Do something, and stop complaining. We all know the problems.

Posted by Bull Bunny on Feb. 04, 2012 @ 2:46 pm

If you don't think the vast majority of tickets went to scalpers- look at the San Jose Radiohead show for April 11 in San Jose- sold out in 20 seconds. We were online at exactly 10am to get tix and none were left. Scalpers have computers and special algorithms designed to manipulate ticket systems. They had 2 weeks to prefect their method for the Burn lottery. It's scalpers. I'm sorry. (I almost cried about Radiohead too)

Posted by Guest on Feb. 04, 2012 @ 9:09 am

I appreciate and accept this comment: as a conservative who believes in profit and free enterprise, I do find it amusing when things like this force the liberal idiots who really believe that it's all about non-commercialism, freedom, blah blah blah....to run face first into the brick wall of the real world.

now read it like this:
Burners who really believe that it's all about non-commercialism, freedom....to face the real world.

His name-calling isn't the most important part of his mssg. There is truth to his point of view.

Three days into this mess- and I am a ticket recipient- I now have woken up. This is a for-profit event, made powerful by each of is who has helped to make it so.

Transparency is not BMOrg's responsibility. Paying for the continuation of their business is.

As mentioned over and over here- the option of creating an event is available to us all, if we decide to put our minds to it. I believe BMOrg has been saying the same thing all along.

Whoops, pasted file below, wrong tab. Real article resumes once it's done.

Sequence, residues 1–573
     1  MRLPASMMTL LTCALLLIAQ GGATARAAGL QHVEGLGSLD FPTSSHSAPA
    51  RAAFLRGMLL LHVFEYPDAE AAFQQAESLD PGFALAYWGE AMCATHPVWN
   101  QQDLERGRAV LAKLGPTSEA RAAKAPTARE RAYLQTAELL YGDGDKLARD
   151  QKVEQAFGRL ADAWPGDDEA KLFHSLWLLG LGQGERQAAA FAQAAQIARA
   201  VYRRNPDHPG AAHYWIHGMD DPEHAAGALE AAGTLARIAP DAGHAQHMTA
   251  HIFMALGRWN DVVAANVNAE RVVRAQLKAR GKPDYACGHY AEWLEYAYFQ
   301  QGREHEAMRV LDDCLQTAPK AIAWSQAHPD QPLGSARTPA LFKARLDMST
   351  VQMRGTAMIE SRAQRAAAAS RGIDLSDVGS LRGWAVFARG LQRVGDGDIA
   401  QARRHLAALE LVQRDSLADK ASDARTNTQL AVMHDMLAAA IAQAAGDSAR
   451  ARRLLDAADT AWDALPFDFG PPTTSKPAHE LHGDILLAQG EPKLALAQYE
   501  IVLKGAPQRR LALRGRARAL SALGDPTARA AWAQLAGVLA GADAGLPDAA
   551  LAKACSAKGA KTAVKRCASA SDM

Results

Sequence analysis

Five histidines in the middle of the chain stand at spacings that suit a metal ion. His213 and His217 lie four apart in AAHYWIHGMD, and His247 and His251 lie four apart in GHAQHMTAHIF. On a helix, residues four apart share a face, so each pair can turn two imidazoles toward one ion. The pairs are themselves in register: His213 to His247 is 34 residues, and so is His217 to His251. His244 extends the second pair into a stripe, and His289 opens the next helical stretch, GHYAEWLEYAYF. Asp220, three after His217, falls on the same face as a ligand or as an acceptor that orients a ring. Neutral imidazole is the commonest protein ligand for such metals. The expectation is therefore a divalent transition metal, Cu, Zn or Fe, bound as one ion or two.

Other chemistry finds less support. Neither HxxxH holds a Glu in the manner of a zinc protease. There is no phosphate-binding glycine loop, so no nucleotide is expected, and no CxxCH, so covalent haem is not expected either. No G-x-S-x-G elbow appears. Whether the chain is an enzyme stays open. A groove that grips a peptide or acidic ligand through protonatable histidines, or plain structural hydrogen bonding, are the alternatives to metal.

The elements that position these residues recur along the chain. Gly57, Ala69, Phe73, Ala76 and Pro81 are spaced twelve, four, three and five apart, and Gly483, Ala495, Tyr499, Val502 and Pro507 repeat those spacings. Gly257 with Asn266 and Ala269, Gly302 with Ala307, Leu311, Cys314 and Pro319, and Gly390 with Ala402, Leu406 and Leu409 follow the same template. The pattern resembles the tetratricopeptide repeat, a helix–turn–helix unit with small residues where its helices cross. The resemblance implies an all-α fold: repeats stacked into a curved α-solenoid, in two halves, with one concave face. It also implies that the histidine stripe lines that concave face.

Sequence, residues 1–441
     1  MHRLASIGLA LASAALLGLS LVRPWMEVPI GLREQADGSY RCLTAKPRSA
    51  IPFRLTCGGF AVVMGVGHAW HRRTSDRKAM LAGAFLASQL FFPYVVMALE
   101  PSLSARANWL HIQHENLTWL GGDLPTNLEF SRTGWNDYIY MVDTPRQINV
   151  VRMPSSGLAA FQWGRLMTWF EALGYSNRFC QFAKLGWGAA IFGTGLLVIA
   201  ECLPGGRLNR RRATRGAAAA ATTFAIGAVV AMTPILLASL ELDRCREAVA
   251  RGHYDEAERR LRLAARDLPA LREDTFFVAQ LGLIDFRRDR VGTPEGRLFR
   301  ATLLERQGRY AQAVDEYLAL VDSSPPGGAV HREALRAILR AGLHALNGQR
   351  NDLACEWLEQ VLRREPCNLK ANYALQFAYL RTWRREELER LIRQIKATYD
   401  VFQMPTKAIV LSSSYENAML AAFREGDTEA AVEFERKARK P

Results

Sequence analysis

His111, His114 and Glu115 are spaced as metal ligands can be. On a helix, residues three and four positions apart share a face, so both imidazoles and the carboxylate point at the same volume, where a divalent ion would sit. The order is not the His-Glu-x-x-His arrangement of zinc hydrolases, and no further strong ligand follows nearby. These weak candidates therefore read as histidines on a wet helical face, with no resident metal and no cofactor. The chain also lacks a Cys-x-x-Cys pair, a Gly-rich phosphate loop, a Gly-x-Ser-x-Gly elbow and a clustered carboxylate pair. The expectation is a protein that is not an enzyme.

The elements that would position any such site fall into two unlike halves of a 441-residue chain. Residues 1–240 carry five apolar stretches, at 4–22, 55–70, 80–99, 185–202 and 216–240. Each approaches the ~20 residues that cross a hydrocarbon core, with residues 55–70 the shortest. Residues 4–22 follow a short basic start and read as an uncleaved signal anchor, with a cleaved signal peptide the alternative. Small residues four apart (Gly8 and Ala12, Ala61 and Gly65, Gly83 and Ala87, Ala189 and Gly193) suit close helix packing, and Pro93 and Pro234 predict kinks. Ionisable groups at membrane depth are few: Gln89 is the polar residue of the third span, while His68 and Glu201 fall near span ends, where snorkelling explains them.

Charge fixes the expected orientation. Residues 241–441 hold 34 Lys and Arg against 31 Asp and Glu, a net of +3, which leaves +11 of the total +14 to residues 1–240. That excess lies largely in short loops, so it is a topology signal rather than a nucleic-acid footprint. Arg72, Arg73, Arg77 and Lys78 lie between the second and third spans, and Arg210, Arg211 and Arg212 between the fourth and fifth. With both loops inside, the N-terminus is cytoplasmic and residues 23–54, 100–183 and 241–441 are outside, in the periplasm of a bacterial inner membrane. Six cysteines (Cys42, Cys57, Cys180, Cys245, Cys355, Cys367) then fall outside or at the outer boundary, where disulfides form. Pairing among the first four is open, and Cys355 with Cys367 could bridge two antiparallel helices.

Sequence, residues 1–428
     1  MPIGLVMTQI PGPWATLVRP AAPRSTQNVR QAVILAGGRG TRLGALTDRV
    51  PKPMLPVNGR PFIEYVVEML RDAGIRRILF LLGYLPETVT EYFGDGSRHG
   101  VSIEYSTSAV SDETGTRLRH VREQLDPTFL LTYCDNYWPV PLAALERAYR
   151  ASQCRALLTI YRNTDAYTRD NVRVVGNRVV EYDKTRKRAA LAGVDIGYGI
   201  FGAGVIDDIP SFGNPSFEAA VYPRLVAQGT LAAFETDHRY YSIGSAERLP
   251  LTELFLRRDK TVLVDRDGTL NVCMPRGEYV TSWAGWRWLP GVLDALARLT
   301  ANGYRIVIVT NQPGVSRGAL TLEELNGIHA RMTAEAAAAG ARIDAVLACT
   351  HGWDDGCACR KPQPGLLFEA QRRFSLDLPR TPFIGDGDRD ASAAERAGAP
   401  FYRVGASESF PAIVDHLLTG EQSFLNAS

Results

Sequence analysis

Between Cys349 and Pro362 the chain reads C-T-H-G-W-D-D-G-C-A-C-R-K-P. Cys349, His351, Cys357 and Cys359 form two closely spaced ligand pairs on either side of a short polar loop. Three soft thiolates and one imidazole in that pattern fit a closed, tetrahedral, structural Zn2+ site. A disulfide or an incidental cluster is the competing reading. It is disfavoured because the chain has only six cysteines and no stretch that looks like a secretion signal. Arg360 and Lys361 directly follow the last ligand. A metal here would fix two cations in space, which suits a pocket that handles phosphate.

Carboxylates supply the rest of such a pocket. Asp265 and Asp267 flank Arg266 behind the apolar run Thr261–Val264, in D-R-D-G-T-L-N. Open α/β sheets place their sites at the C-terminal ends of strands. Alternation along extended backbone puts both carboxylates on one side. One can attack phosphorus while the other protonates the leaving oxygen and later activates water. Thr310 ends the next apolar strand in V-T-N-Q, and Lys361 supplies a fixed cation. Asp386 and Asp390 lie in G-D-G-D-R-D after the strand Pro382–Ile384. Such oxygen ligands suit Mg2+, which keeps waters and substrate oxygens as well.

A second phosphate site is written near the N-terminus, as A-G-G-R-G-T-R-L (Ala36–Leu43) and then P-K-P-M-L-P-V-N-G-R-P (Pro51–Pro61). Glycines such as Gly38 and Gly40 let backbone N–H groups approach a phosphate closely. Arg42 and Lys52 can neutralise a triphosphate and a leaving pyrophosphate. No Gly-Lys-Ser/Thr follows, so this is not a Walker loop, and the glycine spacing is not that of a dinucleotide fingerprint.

Posted by Guest on Feb. 04, 2012 @ 9:03 am

Considering that about a quarter of the DFW people that ordered tickets at all price levels got them, and the theme camps coming from here have less than a quarter of the people the need to run them, it is going to be a sad year.
That being said, the only thing we as a group have decided would work is if the tickets you purchased were in your name and non transferable.
So, like at Flipside you would have to show your ID at the gate that matches the name on the ticket.

You could buy 2 tickets at a time.

At registration you would list the theme camp you are with or how you are volunteering so that you do get your ticket. These are the people that make BM what it is and should be first in line.

If you can't use your ticket then you would sell the ticket back to BM for the face price of the ticket and it would be resold and reissued with a new name.

If you wanted to gift a ticket you would have to do it at the gate with the person you are gifting it to and both you and them would have to have ID's. I doubt any scalpers are going to send all these different people with their name or purchase information to the BM gate to scalp tickets. It would cost too much for them.

There could also be an option to leave extra tickets at the gate as a gift for a random stranger. Where the gate/ticket people could award people coming up to the gate with a ticket if they made it up there and were actually going in.